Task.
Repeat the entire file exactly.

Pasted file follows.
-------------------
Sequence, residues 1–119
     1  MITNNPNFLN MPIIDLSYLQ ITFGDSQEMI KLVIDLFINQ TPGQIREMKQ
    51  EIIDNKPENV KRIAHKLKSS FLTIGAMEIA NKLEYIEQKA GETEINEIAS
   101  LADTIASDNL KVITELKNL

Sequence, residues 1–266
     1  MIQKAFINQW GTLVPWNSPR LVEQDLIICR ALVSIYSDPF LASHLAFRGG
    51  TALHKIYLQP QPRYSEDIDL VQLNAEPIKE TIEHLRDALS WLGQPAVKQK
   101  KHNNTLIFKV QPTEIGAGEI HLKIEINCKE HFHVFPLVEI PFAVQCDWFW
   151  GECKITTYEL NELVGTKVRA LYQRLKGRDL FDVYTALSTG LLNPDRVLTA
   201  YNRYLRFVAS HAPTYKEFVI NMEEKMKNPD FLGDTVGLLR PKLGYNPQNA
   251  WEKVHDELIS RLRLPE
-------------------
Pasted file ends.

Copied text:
Sequence, residues 1–119
     1  MITNNPNFLN MPIIDLSYLQ ITFGDSQEMI KLVIDLFINQ TPGQIREMKQ
    51  EIIDNKPENV KRIAHKLKSS FLTIGAMEIA NKLEYIEQKA GETEINEIAS
   101  LADTIASDNL KVITELKNL

Sequence, residues 1–266
     1  MIQKAFINQW GTLVPWNSPR LVEQDLIICR ALVSIYSDPF LASHLAFRGG
    51  TALHKIYLQP QPRYSEDIDL VQLNAEPIKE TIEHLRDALS WLGQPAVKQK
   101  KHNNTLIFKV QPTEIGAGEI HLKIEINCKE HFHVFPLVEI PFAVQCDWFW
   151  GECKITTYEL NELVGTKVRA LYQRLKGRDL FDVYTALSTG LLNPDRVLTA
   201  YNRYLRFVAS HAPTYKEFVI NMEEKMKNPD FLGDTVGLLR PKLGYNPQNA
   251  WEKVHDELIS RLRLPE